View From Here
By David Mark Greaves
We’re through the “October Surprise” period and we are almost at the end of this “worst of all” election seasons. And the saddest part is the certainty of what is coming next. We know that the aftermath of a Trump victory, the locking in of Supreme Court judges and the laws passed, will corrupt the nature of the country for generations. And we know also that a President Hillary Clinton and the nation, absent an absolute down-ballot landslide, will be subjected to gridlock and promised constant investigation. “Even before we get to Day One, we’ve got two years’ worth of material already lined up. She has four years of history at the State Department, and it ain’t good,” said House Oversight Committee Chair and Republican Jason Chafetz.
And then, of course, there is the gender question. I was in a taxi earlier this evening and as talk turned to the election I described Trump as crazy and the driver said, “Yeah, and she’s a woman”. I asked how he felt about the idea of a woman president and he said, “I like it. Women are very honest. Men make trouble, you know what I mean?” Yes, I do, and after this election there will be a lot of them there, ready to make trouble and not even themselves understanding why.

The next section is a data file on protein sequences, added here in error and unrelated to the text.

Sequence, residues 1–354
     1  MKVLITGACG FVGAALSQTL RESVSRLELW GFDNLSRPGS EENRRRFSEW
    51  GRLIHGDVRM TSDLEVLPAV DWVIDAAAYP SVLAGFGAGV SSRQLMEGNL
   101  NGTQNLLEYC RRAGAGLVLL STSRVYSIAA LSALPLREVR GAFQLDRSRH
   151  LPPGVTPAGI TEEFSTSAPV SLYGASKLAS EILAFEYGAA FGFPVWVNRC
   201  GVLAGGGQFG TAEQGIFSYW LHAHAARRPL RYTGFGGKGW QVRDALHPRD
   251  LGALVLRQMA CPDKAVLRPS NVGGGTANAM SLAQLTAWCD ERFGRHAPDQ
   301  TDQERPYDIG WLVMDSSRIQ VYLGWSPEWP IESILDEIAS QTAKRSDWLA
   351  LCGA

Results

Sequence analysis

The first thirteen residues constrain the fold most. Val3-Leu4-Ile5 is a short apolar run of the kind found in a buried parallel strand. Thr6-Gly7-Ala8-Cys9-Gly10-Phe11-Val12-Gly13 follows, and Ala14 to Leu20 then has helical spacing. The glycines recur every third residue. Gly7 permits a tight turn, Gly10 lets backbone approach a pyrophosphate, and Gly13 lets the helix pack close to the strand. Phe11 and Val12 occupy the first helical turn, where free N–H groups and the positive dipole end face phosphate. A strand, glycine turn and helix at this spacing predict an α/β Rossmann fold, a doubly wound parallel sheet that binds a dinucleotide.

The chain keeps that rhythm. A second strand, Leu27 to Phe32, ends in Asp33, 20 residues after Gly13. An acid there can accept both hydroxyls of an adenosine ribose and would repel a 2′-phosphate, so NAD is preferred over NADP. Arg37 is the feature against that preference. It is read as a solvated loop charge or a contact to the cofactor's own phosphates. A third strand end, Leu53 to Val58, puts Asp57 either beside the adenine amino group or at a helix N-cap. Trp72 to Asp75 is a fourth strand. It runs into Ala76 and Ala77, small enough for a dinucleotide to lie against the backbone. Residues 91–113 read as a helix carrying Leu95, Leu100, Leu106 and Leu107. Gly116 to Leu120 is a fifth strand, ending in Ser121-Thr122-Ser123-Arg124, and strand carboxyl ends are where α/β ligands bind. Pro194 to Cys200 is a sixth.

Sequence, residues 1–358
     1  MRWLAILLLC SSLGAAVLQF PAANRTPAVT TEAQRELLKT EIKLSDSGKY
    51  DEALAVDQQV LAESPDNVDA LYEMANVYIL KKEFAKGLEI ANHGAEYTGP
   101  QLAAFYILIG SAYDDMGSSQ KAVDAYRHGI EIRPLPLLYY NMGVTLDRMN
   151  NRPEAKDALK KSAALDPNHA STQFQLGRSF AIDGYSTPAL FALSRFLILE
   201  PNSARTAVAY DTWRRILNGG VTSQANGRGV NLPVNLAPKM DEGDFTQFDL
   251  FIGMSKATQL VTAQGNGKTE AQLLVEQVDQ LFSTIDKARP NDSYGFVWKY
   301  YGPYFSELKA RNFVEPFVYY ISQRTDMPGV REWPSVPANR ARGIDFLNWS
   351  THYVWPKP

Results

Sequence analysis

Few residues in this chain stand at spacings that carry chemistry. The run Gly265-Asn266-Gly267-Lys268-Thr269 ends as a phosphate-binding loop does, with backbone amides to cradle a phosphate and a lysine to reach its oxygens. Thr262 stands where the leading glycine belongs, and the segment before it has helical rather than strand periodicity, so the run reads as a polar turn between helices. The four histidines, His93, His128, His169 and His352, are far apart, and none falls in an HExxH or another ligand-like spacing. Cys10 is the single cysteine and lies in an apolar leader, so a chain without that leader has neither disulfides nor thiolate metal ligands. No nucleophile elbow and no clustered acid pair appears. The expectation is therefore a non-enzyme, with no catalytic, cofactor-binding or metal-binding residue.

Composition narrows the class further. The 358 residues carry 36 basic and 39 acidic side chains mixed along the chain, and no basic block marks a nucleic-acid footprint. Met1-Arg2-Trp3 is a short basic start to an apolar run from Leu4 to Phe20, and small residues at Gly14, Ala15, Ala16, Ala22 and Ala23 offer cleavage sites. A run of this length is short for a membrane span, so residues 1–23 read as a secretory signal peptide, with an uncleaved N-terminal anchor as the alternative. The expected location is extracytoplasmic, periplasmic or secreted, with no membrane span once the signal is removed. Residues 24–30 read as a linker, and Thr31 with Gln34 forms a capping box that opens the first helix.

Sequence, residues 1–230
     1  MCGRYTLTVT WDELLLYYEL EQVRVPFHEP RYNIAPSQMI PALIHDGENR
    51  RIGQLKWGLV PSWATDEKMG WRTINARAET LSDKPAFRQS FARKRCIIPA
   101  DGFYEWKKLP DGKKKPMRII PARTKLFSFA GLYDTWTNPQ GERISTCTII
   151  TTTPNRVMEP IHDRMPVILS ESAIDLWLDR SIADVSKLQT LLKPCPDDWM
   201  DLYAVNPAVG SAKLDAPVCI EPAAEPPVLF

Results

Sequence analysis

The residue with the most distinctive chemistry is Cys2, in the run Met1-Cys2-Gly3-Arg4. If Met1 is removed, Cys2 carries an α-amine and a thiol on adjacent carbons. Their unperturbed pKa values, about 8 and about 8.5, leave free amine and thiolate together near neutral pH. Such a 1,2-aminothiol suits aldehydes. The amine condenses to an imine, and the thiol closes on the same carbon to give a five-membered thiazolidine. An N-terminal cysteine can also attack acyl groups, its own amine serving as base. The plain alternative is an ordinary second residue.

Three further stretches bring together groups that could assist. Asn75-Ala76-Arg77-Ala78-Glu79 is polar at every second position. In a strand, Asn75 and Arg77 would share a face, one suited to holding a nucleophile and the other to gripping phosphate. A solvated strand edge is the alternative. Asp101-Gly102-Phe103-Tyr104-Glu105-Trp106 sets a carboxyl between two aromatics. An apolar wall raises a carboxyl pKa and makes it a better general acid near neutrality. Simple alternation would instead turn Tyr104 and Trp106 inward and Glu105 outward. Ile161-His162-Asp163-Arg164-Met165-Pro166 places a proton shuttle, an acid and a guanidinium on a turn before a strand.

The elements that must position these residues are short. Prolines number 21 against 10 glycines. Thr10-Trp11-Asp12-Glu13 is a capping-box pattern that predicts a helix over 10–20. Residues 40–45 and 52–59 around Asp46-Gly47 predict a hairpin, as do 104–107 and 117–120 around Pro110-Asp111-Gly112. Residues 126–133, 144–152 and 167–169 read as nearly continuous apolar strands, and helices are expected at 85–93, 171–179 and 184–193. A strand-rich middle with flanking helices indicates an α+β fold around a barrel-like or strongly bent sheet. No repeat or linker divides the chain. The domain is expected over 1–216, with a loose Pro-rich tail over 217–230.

With that being the mood of the Congress, even with the best of intentions at the national level, economic improvements in the lives of folks on the ground will have to come from local efforts and local resources and the economic resource we have is nothing less than the $18 billion city budget for vendor spending. As Comptroller Scott Stringer’s just-released report on the city’s diversity efforts and its continued D+ rating shows, while the city budget is the engine that can lift every neighborhood, as it stands now, “It will take 84 years for Latino families and 228 years for Black families to reach wealth parity with white families at the current rate”. At this “glacial pace of change”, what this report is telling us is that after over ten generations of slavery and eight generations of freedom, African-Americans are still looking at 11 more generations to go before reaching the Promised Land of at least economic Equality.
If you feel 11 more generations is okay, or that Blacks are just demanding too much too soon, then not voting is your move and Donald Trump is your man. He’s guaranteed to slow this mad momentum and even make a U-turn. On the other hand, if it is equality, respect and dignity you want, preferably sooner than later, then there is no choice but to get everyone you know to the polls. This election is the most critical the country has ever had, and on November 9, we cannot wake up to the nightmare of a President-elect Donald Trump.
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